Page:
“By attempting this deal at this moment, Google is signaling that it will continue to flex and expand its power in spite of this immense scrutiny,” Rep. David Cicilline, D-R.I., chairman of the House Antitrust Subcommittee, said in a November statement. “Google’s proposed acquisition of Fitbit would also give the company deep insights into Americans’ most sensitive information — such as their health and location data — threatening to further entrench its market power online.”
If you’re keeping score at home, Google’s voracious appetite for startups — more than 270, including an average of 34 a year between 2011 and 2014 — has included direct competitors YouTube; DoubleClick, an online advertiser; AdMob, a mobile advertising company; and Waze. (In June, Google snapped up big-data company Looker for $2.6 billion.) Just one acquisition, travel search firm ITA, was challenged by the government before it was conditionally approved, according to Tim Wu, a professor of law, science, and technology at Columbia University.
Facebook has devoured nearly 100 companies — many of them competitors that included WhatsApp and Instagram — since 2007 without the federal government challenging one purchase. It shut down at least 39 companies, some of which may have represented future competitors, said Wu.
Compelling evidence, yes. But not enough to provoke regulatory action under current merger laws, said Hovenkamp. Most law focuses on mega-companies joining forces in the same market, not a larger company buying a startup or extending into new markets. “Merger laws do not touch on the prediction of smaller companies becoming successful competitors to their buyer,” he said.
Dueling tech regulations
It will take nothing short of “radical” legislation, Hovenkamp and others contend, to change the behavior of big tech.
“We can’t leave it to [Big Tech] to self-regulate,” Rep. Ro Khanna, D-Calif., whose district is in the heart of Silicon Valley, told MarketWatch in a phone interview. “We can’t simply trust for-profit companies to safeguard the privacy and data rights of consumers… Congress has to act.”
The handful of contending bills are led by the Consumer Online Privacy Rights Act (COPRA), co-sponsored by Sens. Maria Cantwell, D-Wash., Brian Schatz, D-Hawaii, Amy Klobuchar, D-Minn., and Ed Markey, D-Mass. The bill would grant citizens the right to request their information from companies and ask for data to be deleted or corrected. It would also make companies responsible for getting permission to collect and share sensitive data, which includes biometric information and precise locations.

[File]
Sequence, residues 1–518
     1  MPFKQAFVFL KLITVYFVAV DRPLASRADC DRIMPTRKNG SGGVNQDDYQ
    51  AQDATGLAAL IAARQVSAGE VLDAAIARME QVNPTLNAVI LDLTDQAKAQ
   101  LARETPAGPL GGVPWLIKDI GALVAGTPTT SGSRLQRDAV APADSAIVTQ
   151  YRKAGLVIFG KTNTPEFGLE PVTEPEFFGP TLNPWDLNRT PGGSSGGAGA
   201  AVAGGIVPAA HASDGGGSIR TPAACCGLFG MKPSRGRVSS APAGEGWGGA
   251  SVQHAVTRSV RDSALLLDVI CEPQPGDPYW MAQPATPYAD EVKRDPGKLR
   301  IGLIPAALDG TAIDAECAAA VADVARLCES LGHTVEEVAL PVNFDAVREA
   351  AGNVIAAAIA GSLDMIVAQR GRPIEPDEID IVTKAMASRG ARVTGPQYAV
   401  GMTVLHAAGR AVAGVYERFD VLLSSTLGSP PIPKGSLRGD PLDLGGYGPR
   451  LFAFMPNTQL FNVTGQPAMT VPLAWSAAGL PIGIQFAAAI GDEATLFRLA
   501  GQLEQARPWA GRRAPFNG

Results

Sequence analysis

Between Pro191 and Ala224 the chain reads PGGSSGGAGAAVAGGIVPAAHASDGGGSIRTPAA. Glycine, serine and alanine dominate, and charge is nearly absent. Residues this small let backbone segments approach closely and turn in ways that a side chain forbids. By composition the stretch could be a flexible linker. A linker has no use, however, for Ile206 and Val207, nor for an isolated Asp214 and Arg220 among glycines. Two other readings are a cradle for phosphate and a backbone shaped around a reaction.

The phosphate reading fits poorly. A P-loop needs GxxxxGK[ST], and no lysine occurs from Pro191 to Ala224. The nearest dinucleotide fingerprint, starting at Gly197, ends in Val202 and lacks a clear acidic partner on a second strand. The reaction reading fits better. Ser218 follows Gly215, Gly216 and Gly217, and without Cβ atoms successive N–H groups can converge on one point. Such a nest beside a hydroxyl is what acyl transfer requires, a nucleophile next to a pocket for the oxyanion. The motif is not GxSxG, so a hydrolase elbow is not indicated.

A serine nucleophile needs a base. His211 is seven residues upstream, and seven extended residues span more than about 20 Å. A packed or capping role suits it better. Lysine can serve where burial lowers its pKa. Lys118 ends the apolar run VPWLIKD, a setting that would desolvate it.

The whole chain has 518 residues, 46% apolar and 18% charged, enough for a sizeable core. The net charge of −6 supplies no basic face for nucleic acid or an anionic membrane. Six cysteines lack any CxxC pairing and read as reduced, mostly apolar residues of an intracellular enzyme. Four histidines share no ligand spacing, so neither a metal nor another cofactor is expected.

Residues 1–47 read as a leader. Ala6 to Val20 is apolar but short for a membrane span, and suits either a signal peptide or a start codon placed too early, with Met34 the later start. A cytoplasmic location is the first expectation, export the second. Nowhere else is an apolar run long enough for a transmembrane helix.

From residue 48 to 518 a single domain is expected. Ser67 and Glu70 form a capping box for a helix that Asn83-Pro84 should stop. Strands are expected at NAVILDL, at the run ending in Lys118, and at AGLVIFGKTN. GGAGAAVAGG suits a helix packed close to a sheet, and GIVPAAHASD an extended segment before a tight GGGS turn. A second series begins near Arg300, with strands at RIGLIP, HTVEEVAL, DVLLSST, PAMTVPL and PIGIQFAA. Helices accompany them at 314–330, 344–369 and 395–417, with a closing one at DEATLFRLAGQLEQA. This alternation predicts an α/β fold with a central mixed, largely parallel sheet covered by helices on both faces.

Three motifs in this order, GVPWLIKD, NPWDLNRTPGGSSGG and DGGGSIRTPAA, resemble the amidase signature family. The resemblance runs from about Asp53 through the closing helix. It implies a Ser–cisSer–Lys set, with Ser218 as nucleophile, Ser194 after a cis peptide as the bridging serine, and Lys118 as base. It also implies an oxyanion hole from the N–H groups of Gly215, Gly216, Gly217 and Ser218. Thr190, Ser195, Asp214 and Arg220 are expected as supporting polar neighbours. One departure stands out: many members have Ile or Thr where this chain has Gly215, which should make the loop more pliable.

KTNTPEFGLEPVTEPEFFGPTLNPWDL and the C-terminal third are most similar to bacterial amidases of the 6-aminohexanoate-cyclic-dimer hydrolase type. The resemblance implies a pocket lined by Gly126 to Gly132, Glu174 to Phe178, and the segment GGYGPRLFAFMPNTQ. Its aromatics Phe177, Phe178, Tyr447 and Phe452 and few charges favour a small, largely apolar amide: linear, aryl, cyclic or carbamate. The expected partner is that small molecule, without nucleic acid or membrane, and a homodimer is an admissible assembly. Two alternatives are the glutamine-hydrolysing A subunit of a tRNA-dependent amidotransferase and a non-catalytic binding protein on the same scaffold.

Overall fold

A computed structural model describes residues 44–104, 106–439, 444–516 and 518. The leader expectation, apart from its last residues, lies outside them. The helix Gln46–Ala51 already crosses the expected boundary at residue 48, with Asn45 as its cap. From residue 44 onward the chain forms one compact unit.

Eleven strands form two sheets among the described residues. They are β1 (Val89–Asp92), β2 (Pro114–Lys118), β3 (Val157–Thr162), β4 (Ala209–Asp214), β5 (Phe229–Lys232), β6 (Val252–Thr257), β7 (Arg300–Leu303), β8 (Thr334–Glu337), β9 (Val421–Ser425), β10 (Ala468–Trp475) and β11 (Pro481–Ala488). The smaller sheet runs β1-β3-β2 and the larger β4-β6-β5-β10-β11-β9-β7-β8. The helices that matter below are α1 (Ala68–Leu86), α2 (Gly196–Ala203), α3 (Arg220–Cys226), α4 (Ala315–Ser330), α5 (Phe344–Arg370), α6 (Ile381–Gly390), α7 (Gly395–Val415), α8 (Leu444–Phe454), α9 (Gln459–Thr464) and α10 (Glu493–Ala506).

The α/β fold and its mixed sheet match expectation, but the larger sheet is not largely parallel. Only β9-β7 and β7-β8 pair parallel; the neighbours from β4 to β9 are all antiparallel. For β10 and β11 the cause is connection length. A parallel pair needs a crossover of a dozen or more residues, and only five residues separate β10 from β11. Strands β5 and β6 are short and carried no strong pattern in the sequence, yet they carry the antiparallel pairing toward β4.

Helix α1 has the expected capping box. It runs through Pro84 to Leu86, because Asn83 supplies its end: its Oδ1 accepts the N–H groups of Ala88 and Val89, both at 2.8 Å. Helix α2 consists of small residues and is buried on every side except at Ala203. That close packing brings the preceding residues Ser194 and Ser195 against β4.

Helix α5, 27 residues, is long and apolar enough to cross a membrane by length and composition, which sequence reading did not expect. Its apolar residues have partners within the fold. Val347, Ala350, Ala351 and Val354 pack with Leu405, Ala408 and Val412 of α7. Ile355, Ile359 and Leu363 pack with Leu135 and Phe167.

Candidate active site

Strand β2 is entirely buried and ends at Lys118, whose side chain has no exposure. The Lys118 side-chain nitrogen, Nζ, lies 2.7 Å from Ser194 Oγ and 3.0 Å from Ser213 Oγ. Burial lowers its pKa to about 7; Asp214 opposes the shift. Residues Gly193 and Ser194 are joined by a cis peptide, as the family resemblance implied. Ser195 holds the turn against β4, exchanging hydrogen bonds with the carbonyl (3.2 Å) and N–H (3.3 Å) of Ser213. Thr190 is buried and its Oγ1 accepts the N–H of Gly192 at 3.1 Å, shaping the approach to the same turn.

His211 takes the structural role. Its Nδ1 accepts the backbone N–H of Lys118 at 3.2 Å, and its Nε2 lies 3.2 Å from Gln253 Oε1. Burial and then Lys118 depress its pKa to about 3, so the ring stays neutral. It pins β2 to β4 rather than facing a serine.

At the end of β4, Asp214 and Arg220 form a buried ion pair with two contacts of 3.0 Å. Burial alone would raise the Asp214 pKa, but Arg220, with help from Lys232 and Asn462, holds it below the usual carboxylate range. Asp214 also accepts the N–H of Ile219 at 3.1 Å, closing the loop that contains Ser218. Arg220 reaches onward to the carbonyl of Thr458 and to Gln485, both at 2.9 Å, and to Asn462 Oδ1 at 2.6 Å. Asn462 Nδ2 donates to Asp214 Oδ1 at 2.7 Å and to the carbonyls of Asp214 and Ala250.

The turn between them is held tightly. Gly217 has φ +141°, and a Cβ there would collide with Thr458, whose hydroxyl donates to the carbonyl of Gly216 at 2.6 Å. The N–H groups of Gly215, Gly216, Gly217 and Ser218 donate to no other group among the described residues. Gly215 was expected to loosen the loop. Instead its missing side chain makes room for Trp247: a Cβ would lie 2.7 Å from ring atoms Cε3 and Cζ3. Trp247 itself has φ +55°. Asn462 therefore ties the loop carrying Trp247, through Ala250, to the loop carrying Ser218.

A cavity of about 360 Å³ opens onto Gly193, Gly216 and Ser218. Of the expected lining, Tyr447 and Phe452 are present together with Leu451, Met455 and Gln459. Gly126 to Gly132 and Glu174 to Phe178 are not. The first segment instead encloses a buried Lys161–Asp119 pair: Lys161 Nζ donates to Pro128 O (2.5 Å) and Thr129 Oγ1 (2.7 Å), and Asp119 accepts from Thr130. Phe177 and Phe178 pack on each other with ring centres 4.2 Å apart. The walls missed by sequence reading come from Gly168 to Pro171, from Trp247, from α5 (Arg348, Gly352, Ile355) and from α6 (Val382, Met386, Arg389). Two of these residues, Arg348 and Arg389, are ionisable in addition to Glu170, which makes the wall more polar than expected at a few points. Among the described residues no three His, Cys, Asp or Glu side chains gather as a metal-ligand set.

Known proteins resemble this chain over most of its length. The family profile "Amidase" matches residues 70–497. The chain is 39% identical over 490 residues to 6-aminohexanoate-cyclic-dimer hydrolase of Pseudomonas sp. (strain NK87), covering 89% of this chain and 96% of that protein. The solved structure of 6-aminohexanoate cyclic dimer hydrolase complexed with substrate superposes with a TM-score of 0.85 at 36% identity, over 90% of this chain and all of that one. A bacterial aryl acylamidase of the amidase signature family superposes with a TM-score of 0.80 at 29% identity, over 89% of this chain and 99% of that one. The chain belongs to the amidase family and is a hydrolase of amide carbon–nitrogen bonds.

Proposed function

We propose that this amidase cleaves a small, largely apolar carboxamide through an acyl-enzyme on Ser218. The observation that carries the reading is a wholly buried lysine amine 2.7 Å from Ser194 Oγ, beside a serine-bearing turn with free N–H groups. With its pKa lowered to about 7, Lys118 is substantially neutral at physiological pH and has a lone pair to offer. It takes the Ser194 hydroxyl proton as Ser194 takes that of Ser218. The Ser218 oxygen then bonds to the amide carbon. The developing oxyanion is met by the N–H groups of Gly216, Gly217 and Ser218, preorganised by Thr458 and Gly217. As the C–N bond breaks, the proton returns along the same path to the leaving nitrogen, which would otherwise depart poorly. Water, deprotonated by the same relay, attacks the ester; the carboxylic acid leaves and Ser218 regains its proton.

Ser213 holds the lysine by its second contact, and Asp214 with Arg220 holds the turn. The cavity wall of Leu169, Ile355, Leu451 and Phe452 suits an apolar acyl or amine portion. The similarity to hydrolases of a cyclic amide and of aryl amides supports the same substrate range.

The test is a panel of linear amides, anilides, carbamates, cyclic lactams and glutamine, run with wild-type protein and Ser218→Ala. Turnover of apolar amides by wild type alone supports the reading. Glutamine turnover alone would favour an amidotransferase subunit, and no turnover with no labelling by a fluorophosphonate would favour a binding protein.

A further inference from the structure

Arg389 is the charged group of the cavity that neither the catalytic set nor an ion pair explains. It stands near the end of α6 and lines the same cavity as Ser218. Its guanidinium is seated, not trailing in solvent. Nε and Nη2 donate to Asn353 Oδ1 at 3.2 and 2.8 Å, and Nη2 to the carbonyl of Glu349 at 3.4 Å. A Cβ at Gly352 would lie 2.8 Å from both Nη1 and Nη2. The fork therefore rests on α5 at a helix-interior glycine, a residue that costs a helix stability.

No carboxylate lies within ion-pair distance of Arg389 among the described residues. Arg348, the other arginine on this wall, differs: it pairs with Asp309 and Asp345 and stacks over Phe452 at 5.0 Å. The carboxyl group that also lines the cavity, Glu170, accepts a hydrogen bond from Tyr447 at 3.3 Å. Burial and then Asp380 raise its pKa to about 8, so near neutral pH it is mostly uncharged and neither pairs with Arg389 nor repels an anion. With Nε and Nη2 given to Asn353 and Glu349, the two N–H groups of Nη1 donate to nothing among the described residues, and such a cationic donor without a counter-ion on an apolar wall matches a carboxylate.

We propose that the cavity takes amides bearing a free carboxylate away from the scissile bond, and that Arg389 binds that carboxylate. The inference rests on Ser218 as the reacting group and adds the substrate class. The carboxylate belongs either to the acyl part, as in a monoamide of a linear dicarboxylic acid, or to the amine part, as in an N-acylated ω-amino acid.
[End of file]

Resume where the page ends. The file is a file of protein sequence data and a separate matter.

“In the growing online world, consumers deserve two things: privacy rights and a strong law to enforce them,” Cantwell said in a statement. “They should be like your Miranda rights — clear as a bell as to what they are and what constitutes a violation.”
A competing bill from Sen. Roger Wicker, R-Miss., called the United States Consumer Data Privacy Act (USCDPA), would set nationwide rules for handling of personal information online and elsewhere and override state laws, including one in California set to take effect in the new year.
“American consumers deserve a strong national standard for the protection of their data, and American companies need certainty in order to continue innovating and competing with the rest of the world,” Wicker said in a statement.
Whether any bills make it into law is another matter, given the fractious nature of Congress. In the interim, the best bet for consumers is the California Consumer Privacy Act, the nation’s toughest privacy law, which goes into effect on Jan. 1 but isn’t likely to be enforced until mid-year. It has already drawn angst from Facebook, Google and others, which unsuccessfully tried to water down its final version with amendments, and other states hope to emulate it. (Ominously, 44% of 625 business owners and company executives polled by security company ESET said they have never heard of CCPA.)